Ever since the Korean Hallyu wave picked up steam in the past decade due to the popularity of Korean dramas, South Korea has been keen to use the trend to expand exports.
This has been particularly apparent from a food and beverage perspective, where many types of traditional South Korean products have gained near-mainstream popularity in various overseas markets and led to rapid increases in exports even throughout the COVID-19 pandemic.
The South Korean Ministry of Agriculture, Food and Rural Affairs (MAFRA) recently released data stating that many traditional foods have seen healthy export growth in 2021, such as kimchi with a 10.7% year-on-year growth to reach US$159.9mn, ginseng with 16.2% growth to US$267mn and soy sauce with 3.4% growth to US$103.2mn.
One other area that is relatively smaller in value so far but has seen some of the most rapid growth has been traditional liquor exports, which grew a hefty 29.1% to bring in US$23.5mn, and upon recognising its potential the government is now looking to revamp the sector to capitalise on this.
“[Our discussions with the local industry have found that] there seems to be some inconsistencies between the concept of traditional liquor as recognised by consumers, and the definition of this category as outlined in our laws and regulations,” MAFRA minister Jeong Hwang-geun said via a formal statement.
“Vast improvement is now needed in order to revitalise this industry [and make the most of] a situation where many consumers from the younger generation are showing high interest in traditional liquor, due to connections and marketing by popular celebrities in the market.
“One initiative [we are looking at] is to revise the current Act On Promotion Of Korean Traditional Liquor Industries to synchronise the regulations, and ensure that this is done in a way that the public can understand. This revision will be completed within this year.”
Jeong added that the revision plan will clarify the differences between regional specialty liquors and traditional liquors so as to enable currently unlisted items such as beer and brandy to be incorporated and receive the same fostering and support as other specialty products, as well as for special promotion to be provided for traditional liquors.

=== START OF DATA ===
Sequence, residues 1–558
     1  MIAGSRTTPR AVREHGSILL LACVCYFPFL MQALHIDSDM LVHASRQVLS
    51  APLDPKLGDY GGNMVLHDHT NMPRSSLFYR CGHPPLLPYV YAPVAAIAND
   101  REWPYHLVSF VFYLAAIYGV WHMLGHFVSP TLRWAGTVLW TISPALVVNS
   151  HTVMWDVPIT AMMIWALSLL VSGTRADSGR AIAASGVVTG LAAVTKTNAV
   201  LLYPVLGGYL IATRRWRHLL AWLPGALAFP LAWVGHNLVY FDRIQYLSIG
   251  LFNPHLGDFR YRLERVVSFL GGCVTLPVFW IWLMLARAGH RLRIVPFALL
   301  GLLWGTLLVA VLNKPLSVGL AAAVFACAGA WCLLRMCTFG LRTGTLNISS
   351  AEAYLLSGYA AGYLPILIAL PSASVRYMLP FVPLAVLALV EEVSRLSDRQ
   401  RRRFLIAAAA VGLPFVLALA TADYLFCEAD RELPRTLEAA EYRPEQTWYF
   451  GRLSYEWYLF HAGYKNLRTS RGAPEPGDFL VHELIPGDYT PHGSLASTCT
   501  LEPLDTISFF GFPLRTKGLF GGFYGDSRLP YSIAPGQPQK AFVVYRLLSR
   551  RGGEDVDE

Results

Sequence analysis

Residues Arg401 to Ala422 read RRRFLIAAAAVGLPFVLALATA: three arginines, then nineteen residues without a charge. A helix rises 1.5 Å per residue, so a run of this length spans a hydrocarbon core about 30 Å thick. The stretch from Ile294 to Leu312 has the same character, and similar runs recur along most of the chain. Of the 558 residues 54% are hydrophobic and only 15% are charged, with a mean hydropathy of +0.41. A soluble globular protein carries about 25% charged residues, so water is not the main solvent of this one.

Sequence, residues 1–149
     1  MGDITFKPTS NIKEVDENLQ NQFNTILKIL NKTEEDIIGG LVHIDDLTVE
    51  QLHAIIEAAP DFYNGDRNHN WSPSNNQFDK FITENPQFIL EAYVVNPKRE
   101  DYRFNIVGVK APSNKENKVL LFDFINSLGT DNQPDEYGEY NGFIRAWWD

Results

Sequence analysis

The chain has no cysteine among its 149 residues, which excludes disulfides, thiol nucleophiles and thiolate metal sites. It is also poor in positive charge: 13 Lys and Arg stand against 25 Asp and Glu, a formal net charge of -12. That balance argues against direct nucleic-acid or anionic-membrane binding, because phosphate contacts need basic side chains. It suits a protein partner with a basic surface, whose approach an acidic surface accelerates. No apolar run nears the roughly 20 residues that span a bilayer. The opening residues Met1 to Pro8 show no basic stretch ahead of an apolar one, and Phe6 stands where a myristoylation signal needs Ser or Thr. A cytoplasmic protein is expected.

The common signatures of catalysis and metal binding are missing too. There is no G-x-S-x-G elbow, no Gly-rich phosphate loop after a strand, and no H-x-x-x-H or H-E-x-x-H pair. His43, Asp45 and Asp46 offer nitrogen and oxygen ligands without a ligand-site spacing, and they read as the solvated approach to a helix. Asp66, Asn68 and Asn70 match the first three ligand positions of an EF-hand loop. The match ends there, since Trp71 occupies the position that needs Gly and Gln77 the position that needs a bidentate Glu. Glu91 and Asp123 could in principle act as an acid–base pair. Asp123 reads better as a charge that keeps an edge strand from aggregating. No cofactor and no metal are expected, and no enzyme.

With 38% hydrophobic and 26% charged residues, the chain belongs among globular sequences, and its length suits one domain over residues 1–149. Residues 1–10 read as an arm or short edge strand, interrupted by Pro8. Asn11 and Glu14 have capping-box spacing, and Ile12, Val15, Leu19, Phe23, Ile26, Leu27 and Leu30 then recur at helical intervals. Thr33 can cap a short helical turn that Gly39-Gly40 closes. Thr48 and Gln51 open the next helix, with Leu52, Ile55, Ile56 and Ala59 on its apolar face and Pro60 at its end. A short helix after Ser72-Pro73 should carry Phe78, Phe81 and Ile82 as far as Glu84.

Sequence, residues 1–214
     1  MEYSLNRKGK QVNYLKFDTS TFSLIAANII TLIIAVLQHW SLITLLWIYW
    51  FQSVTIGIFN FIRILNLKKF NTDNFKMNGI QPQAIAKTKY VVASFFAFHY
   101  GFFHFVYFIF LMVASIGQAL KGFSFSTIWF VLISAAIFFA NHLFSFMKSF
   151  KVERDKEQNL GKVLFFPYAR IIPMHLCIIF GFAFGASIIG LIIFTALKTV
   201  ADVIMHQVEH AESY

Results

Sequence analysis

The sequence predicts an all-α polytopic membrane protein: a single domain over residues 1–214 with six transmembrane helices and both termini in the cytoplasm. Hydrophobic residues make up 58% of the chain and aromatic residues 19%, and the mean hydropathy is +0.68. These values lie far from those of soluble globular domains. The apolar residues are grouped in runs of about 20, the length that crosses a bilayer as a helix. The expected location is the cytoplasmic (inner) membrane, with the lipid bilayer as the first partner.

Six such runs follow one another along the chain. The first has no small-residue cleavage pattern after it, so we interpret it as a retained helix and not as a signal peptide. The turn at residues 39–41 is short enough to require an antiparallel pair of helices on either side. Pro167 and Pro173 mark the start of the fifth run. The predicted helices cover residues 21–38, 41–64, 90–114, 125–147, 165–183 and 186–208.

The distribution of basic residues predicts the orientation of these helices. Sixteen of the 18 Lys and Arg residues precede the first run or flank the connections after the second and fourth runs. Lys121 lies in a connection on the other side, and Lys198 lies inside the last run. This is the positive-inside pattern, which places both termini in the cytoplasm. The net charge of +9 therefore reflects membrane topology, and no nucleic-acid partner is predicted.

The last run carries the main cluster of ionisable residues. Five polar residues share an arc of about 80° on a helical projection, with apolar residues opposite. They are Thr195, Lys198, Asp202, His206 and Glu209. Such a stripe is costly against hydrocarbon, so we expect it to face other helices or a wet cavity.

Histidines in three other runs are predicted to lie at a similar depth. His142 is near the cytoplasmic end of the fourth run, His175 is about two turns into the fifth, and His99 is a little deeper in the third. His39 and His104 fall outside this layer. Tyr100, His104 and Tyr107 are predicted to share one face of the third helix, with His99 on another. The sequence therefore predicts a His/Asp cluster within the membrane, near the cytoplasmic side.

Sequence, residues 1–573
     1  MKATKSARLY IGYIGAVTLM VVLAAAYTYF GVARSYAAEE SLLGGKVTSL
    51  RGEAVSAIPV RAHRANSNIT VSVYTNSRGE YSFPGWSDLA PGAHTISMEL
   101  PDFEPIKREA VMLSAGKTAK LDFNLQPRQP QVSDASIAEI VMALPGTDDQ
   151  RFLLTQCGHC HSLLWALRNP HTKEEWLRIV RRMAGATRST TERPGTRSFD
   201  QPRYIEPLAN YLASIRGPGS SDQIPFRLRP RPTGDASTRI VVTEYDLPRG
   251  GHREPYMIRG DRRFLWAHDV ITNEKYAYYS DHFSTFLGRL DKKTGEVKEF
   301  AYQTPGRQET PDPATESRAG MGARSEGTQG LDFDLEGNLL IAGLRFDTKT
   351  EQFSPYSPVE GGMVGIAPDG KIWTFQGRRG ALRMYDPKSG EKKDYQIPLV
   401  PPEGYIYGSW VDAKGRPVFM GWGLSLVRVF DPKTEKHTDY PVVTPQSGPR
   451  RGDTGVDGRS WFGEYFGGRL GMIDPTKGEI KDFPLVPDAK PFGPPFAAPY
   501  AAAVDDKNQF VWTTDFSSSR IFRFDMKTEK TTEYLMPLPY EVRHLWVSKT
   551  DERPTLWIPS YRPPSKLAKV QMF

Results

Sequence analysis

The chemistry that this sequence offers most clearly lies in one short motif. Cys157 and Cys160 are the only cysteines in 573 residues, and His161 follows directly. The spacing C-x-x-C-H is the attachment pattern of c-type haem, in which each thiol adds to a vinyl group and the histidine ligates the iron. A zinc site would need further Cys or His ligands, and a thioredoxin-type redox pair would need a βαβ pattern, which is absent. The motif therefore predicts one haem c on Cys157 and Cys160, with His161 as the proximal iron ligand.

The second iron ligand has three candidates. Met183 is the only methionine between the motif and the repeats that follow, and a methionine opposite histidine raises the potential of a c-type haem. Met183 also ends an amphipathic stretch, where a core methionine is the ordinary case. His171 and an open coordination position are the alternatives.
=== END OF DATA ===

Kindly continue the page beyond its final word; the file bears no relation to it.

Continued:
“One of the most important products to consider here is makgeolli (sparkling rice wine) which is a clear traditional beverage but is not included as a traditional liquor by law at the moment,” he said.
“The revision will promote the status of makgeolli to include this as a traditional liquor, [and make the most of] this widely popular beverage in many markets.”
Jeong is currently consulting with various relevant ministries including the Ministry of Strategy and Finance and the National Tax Service about this revised bill, and once completed a final draft will be submitted to the South Korean National Assembly for debate.
This revamp is expected to help both large and small traditional liquor firms in the country, from the better-known makgeolli and soju to lesser-known gukhwaju (flower wine) and yagyeongju (medicinal wine).
Some of the bigger names in the sector currently include Kooksoondang and Seoul Jangsoo – These are the two largest ready-to-drink bottled makgeolli brands in the country, with MAFRA numbers also indicating these as the country’s first and second largest exporters of traditional liquor.
For this sector, the association with traditional culture tends to be the main marketing and promotional strategy apart from flavours and taste, and this revamp will likely help to boost this even further.
“As a representative Korean liquor producer, we have committed to playing our part in promoting Korean culture to the rest of the world [via] our traditional liquors,” Kooksoondang stated via a